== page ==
is

re S

(as shown in Theorem A1.7.) Fig. 4.5

B

Remarks : bl

be T

1. By theorem above, we can also conclude that at any point on a circle there can be

pu

one and only one tangent.

K

2. The line containing the radius through the point of contact is also sometimes called

the ‘normal’ to the circle at the point.

©

EXERCISE 4.1

1. How many tangents can a circle have?

2. Fill in the blanks :

(i) A tangent to a circle intersects it in point (s).

(ii) A line intersecting a circle in two points is called a .

to

(iv) The common point of a tangent to a circle and the circle is called .

3. A tangent PQ at a point P of a circle of radius 5 cm meets a line through the centre O at

t

No

4. Draw a circle and two lines parallel to a given line such that one is a tangent and the

other, a secant to the circle.

To get an idea of the number of tangents from a point on a circle, let us perform the

following activity:

CIRCLES 99

point P inside it. Can you draw a tangent to the

circle through this point? You will find that all

the lines through this point intersect the circle in

two points. So, it is not possible to draw any

tangent to a circle through a point inside it

d

[see Fig. 4.6 (i)].

he

Next take a point P on the circle and draw

tangents through this point. You have already (i)

observed that there is only one tangent to the

is

circle at such a point [see Fig. 4.6 (ii)].

re S

Finally, take a point P outside the circle and

B

bl

try to draw tangents to the circle from this point.

What do you observe? You will find that you

be T

pu

through this point [see Fig. 4.6 (iii)].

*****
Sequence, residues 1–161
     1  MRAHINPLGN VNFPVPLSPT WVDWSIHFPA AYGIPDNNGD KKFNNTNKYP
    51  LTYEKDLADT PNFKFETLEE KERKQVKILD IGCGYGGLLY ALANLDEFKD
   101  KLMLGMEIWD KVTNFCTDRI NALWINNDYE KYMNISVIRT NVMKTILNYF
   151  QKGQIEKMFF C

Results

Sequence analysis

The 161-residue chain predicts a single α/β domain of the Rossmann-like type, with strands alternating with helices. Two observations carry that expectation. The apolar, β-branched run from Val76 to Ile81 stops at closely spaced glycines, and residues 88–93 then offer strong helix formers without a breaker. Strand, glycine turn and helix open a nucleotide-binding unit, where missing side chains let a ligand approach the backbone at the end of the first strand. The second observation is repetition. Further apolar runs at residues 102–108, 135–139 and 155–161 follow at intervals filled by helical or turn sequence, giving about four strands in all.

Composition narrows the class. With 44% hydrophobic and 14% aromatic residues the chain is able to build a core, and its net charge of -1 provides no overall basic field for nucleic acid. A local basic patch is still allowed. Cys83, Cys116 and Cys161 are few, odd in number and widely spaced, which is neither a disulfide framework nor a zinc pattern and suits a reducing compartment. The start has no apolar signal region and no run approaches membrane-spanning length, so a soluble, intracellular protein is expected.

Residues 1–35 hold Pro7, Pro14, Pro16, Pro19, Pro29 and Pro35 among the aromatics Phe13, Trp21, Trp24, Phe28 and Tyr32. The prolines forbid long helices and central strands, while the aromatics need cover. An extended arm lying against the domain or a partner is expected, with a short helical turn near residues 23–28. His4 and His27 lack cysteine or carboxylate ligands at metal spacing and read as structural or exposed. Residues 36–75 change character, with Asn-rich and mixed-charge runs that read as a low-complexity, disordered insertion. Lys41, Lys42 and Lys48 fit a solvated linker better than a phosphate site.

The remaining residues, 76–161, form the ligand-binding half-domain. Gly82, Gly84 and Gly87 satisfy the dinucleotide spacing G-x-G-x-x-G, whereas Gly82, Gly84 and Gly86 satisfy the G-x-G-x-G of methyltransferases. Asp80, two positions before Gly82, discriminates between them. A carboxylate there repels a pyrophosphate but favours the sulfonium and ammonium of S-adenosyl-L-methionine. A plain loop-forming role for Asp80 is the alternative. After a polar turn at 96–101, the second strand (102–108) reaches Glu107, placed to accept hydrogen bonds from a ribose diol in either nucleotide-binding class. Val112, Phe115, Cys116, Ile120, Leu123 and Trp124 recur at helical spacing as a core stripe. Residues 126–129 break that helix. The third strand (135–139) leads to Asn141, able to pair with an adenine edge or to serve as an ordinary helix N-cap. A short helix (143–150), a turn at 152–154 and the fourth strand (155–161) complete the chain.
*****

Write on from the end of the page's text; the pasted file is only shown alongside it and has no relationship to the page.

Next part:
K

©

through a point lying inside the circle. (ii)

Case 2 : There is one and only one tangent to a

circle passing through a point lying on the circle.

Case 3 : There are exactly two tangents to a

circle through a point lying outside the circle.

to

contact of the ta ngents PT 1 and PT 2

respectively.

t

No

with the circle is called the length of the tangent

Fig. 4.6

from the point P to the circle.

Note that in Fig. 4.6 (iii), PT 1 and PT 2 are the lengths of the tangents from P to

the circle. The lengths PT 1 and PT2 have a common property. Can you find this?

Measure PT1 and PT2. Are these equal? In fact, this is always so. Let us give a proof

of this fact in the following theorem.

100 MATHEMATICS

from an external point to a circle are equal.

Proof : We are given a circle with centre O, a

point P lying outside the circle and two tangents

PQ, PR on the circle from P (see Fig. 4.7). We

are required to prove that PQ = PR.

d

For this, we join OP, OQ and OR. Then

OQP and ORP are right angles, because

he

these are angles between the radii and tangents,

and according to Theorem 4.1 they are right angles. Fig. 4.7

Now in right triangles OQP and ORP,

is

re S

OQ = OR (Radii of the same circle)

B

Therefore, bl OP = OP

OQP ORP

(Common)

(RHS)

be T

pu

This gives PQ = PR (CPCT)

K

Remarks :

©

1. The theorem can also be proved by using the Pythagoras Theorem as follows:

PQ2 = OP2 – OQ2 = OP2 – OR2 = PR2 (As OQ = OR)

which gives PQ = PR.

2. Note also that OPQ = OPR. Therefore, OP is the angle bisector of QPR,

i.e., the centre lies on the bisector of the angle between the two tangents.

Let us take some examples.

to

the chord of the larger circle, which touches the

smaller circle, is bisected at the point of contact.

t

No

larger circle C1 which touches the smaller circle

C2 at the point P (see Fig. 4.8). We need to prove

that AP = BP.

Let us join OP. Then, AB is a tangent to C2 at P Fig. 4.8

and OP is its radius. Therefore, by Theorem 4.1,

OP AB

CIRCLES 101

Now AB is a chord of the circle C1 and OP AB. Therefore, OP is the bisector of the

chord AB, as the perpendicular from the centre bisects the chord,

i.e., AP = BP

Example 2 : Two tangents TP and TQ are drawn

to a circle with centre O from an external point T.

Prove that PTQ = 2 OPQ.

d

Solution : We are given a circle with centre O,

he

an external point T and two tangents TP and TQ

to the circle, where P, Q are the points of contact

(see Fig. 4.9). We need to prove that

is

re S

PTQ = 2 OPQ Fig. 4.9

B

Let

bl PTQ =

be T

pu

K

1 1

Therefore, TPQ = TQP = (180° ) 90°

2 2

©

1

So, OPQ = OPT – TPQ = 90° 90° –

2

1 1

= PTQ

2 2

to

circle of radius 5 cm. The tangents at P and Q

t

No

length TP.